The musicians who do reach ‘genius level’ are the ones who have practised a lot *and* have managed to cultivate intellectual engagement with music despite the deficiencies of the system. In other words, not just lots of practice, but lots of *effective* practice.

      • John Borstlap says:

        I don’t think any ‘independent intellectual engagement’ comes into play with the truly gifted. With music, all things rational / intellectual are an ‘extra’ which is a means to an end, and may greatly help musical development, but given that there are so many people with great independed-minded intellectual engagement in music life who have no understanding of how music ‘works’, it is very unlikely that the intellect in itself is a key to truly great music making. That is because in music (at least, in classical, art music), all the rational elements are mere means and are NEVER independent, they are totally dependent upon the musical vision which is emotional and intuitive. Art is not purely intellectual. Where rational elements become independent, you get Schoenberg’s 12 tone ‘music’, or the Boulezbian pretentious sound art, or – in the visual arts – concept art which is about ideas and not about artistry and aesthetics and expression.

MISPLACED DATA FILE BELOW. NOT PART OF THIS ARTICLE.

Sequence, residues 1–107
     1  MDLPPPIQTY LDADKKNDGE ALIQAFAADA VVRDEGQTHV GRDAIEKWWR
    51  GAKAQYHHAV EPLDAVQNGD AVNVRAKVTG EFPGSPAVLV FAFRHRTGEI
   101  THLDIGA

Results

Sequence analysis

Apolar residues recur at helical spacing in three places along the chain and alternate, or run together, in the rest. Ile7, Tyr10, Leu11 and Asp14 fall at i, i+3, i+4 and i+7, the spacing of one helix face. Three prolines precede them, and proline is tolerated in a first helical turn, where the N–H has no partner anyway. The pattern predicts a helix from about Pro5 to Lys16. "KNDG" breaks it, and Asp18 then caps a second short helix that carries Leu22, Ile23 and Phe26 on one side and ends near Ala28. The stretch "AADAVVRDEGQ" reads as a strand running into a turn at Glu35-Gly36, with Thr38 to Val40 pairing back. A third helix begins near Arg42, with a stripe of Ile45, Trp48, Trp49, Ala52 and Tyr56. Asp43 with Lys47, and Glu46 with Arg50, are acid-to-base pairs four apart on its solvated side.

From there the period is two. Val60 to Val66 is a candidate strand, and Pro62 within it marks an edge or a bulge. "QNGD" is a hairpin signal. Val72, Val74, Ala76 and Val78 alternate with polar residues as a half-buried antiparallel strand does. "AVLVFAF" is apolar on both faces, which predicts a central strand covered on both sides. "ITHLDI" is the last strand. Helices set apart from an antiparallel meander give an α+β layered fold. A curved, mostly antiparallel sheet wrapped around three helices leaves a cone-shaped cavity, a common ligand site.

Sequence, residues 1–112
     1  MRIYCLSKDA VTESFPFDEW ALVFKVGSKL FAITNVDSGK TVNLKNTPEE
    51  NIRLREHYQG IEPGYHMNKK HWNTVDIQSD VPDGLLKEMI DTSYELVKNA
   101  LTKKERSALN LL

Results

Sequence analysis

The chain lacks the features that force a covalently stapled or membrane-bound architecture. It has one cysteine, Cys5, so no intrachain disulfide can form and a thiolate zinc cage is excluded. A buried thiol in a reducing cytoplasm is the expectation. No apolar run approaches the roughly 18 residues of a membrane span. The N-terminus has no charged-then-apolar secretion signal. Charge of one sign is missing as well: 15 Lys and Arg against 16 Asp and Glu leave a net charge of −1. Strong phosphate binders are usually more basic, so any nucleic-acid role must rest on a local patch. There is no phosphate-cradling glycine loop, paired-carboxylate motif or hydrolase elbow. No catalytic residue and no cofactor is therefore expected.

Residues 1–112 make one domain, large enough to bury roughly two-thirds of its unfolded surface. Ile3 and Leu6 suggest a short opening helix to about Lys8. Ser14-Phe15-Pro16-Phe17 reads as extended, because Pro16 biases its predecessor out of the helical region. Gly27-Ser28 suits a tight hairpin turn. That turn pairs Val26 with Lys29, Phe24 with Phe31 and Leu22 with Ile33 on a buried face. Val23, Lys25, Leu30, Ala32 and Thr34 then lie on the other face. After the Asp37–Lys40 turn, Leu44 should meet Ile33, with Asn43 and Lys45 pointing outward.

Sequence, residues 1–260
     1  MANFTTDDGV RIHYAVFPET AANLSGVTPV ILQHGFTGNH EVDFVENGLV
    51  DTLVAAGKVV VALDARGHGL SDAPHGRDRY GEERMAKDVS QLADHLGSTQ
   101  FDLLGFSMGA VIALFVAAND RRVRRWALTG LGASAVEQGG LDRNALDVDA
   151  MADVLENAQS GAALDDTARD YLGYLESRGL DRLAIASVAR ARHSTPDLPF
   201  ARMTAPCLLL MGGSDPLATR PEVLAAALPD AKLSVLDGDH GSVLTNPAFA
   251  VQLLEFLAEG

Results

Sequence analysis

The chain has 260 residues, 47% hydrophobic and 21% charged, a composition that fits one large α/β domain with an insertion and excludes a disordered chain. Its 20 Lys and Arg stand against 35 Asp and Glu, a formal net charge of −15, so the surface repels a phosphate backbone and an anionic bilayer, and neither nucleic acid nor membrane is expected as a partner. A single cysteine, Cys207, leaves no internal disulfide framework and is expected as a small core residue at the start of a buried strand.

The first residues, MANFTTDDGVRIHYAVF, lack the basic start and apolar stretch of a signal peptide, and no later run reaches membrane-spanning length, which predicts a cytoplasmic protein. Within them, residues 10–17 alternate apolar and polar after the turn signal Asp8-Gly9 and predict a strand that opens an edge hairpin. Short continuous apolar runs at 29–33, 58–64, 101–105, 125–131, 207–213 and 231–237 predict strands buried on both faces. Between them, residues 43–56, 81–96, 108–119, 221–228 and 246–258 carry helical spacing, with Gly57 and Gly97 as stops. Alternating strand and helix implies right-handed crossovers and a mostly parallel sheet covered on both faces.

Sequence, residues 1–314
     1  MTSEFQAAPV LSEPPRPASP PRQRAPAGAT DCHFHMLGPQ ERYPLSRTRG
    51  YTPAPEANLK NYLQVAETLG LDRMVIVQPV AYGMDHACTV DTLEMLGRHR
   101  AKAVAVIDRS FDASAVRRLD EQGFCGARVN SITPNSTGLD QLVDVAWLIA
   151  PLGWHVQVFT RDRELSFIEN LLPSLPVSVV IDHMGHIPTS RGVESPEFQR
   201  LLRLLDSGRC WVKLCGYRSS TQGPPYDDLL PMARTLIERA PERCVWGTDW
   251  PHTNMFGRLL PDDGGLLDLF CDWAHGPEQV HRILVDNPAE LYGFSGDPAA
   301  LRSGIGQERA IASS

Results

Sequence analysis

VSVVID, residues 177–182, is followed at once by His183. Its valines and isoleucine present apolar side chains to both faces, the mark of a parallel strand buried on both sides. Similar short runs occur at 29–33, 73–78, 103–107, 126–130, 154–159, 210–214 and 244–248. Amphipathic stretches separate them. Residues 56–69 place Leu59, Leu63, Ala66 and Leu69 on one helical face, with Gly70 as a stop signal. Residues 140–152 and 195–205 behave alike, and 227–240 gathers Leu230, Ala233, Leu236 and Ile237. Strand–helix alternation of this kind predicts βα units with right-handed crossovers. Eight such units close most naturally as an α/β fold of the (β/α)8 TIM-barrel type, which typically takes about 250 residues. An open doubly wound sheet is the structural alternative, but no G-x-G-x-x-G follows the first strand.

Sometimes even the great performers suffer from too much independent intellectualism like Brendel, who sometimes sounds academic and stiff and inhibited. The HIP circuit (Historically Informed Practice) sometimes shows a particular type of players who know everything about how ‘old music’ should be played, but when you hear them, they clearly lack musicality, like Ton Koopman who has made a big name for himself as baroque specialist but has no feeling for musical rhetoric, just racing through the score: